Note that Simulink must be installed on your system to load this model. Figure Plant with Actuator Saturation The plant is an under-damped third-order model with actuator limits. The actuator limits are a saturation limit and a slew rate limit. The actuator saturation limit cuts off input values greater than 2 units or less than -2 units. The slew rate limit of the actuator is 0. You can see this response by opening the model type optsim at the command line or click the model name , and selecting Start from the Simulation menu.

The response plots to the scope. Figure Closed-Loop Response The problem is to design a feedback control loop that tracks a unit step input to the system. The closed-loop plant is entered in terms of the blocks where the plant and actuator have been placed in a hierarchical Subsystem block. A Scope block displays output trajectories during the design process. Figure Closed-Loop Model One way to solve this problem is to minimize the error between the output and the input signal.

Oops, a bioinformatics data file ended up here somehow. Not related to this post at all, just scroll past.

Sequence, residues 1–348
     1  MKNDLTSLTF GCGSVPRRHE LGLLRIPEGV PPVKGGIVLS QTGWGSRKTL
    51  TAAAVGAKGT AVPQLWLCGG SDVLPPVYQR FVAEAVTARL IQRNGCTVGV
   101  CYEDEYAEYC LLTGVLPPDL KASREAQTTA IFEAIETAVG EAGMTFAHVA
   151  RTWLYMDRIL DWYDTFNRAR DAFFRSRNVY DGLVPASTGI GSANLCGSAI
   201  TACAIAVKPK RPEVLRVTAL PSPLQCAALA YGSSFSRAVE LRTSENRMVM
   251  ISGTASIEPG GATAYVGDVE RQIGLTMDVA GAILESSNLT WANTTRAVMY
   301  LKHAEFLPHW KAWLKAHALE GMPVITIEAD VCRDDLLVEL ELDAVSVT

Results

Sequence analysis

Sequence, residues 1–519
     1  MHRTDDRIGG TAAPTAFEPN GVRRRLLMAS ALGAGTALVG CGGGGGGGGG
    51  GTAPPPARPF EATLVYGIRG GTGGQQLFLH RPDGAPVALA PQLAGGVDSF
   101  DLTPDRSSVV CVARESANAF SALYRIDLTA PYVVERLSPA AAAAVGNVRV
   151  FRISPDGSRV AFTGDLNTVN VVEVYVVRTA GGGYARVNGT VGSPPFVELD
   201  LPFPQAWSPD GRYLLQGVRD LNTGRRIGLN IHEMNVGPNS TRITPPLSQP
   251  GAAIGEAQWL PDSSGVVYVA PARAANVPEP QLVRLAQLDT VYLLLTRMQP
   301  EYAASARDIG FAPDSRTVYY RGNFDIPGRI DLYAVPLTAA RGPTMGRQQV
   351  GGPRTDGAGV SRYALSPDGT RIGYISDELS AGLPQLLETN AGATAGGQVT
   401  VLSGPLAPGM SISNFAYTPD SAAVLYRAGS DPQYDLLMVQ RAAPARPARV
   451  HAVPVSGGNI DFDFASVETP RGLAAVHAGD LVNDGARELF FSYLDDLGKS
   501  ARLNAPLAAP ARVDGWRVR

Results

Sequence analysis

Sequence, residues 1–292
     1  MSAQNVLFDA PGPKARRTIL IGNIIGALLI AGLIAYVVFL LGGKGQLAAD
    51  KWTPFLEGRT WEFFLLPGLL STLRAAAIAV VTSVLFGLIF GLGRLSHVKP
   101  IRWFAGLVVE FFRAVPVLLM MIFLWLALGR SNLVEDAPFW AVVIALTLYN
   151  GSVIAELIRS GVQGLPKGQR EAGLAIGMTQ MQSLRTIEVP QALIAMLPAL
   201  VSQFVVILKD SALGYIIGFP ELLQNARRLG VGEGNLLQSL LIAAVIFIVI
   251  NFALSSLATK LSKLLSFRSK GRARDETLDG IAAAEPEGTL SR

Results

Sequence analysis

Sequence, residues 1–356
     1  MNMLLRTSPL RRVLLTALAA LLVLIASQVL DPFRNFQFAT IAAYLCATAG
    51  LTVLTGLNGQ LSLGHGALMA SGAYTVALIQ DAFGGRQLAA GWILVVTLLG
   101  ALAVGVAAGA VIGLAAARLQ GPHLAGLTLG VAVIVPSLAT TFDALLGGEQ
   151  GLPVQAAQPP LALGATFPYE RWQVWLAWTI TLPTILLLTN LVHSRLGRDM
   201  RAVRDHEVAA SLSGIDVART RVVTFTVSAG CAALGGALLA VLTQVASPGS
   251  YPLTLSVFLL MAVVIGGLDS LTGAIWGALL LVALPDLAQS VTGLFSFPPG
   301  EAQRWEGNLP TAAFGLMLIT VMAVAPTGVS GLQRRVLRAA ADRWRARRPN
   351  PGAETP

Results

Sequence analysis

The variables are the parameters of the PID controller. If you only need to minimize the error at one time unit, it would be a single objective function. But the goal is to minimize the error for all time steps from 0 to , thus producing a multiobjective function one function for each time step. The routine lsqnonlin is used to perform a least-squares fit on the tracking of the output.

The error signal is yout, the output computed by calling sim , minus the input signal 1. The function tracklsq must run the simulation. The simulation can be run either in the base workspace or the current workspace, i. To run the simulation in optsim, the variables Kp, Ki, Kd, a1, and a2 a1 and a2 are variables in the Plant block must all be defined.